In my experience, the level of abstraction that engineers choose is determined — good or bad — by:
- Their skills and experience.
- Their personality.
- Data available about the domain.
- Time and resources.
- Accidental or deliberate assumptions.
In the rest of this post, I use a concrete example and an analogy to visualize what it means to choose an abstraction.
Modeling A Calculator
Imagine that a customer asks you to build a calculator application (like a pocket calculator); something that would satisfy the needs of grade-school students.
The Ideal Model
The customer has a high-level ideal in mind. They don’t know it, and can’t clearly describe all the details, but if they took the time to document the ideal model, it would look like this:
The Information You Have
However, instead of a design document, the customer invites you for lunch and gives you a verbal description that you try to jot down as best as you can; as a result, your “spec” is a sketch on the back of a coffee-stained napkin.
They tell you that they want to get something out soon, and it doesn’t have to be perfect. You accept the challenge.
Now you need to figure out everything else. The data you have, in this case, is a vague idea of what the goal is. Your rough sketch of the calculator gives you some information about the “reality” that you need to model, but not a complete description. You have more questions than answers.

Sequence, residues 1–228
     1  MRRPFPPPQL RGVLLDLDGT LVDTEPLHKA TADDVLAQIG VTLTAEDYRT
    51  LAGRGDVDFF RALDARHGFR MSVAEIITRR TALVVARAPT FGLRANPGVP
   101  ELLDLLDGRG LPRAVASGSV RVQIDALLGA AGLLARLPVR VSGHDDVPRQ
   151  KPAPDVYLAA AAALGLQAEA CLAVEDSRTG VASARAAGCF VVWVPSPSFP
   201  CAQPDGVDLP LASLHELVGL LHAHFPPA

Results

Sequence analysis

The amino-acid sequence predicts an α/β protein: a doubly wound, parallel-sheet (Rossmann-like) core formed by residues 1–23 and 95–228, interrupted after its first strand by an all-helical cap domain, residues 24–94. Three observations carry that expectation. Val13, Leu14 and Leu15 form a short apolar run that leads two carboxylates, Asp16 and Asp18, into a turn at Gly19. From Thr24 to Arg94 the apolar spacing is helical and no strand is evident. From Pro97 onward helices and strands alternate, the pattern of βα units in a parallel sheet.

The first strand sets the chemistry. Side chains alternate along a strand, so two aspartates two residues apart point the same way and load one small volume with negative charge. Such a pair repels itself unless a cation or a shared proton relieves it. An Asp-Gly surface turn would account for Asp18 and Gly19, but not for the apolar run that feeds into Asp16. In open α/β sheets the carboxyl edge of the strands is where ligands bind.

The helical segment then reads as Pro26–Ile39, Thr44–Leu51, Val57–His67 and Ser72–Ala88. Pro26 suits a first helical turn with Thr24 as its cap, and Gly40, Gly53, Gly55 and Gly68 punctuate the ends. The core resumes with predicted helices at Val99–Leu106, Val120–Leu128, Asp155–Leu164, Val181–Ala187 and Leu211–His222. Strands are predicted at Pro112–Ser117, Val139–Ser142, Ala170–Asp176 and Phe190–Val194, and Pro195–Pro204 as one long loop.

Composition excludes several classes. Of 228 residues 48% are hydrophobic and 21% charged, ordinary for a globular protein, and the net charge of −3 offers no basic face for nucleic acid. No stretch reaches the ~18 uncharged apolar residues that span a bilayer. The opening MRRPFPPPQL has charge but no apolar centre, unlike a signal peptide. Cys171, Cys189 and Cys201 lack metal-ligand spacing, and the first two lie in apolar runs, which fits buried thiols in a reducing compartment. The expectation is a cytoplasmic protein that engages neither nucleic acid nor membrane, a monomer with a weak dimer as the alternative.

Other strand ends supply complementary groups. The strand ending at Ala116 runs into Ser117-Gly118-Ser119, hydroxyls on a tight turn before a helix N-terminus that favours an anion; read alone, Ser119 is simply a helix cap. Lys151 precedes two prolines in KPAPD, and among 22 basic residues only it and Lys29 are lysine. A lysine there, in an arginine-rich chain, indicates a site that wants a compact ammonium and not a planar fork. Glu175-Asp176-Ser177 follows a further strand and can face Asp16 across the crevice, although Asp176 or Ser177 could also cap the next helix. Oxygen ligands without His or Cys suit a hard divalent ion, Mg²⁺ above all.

As a developer, you need to use the information you have to create the proper abstraction. A useful abstraction is one that allows implementing a simple model to satisfy the initial needs and gives space to refine that model until it approximates the ideal.
To recap, your domain is the universe of Calculators. Your goal is to define and build the ideal model; however, you don’t know what that looks like is. What you have is a vague sketch of a model scribbled on the back of a napkin.
Your Goal Is a Jagged Ink Splatter
To draw an analogy, imagine that the ideal model is this black ink splatter:
The splatter represents the functionality, features, and behaviors of the perfect solution. The ideal solution is a model that uses all aspects of an abstraction to satisfy all the needs, present and future, of the problem that you are trying to solve.
The jagged edges of the splatter represent the complications and details of the ideal abstraction. The shape is complex and has many aspects that are difficult to model correctly.
A first simple approximation could be an application that emulates a calculator that looks like this:
That is a start, but it covers only a small part of the ideal target. The picture below shows that small part in the context of the black ink splatter analogy; visualized in blue:
The customer is not going to be satisfied with it. The model is too simple, and it covers only a few of the features of the ideal.
Simplification With Deviation
A second attempt could expand on that idea, but in the process, you might make some choices that are a deviation from the ideal concept; for example, you could choose to add some new buttons and a usage workflow that is not quite what the customer wants. The result might look like the following model: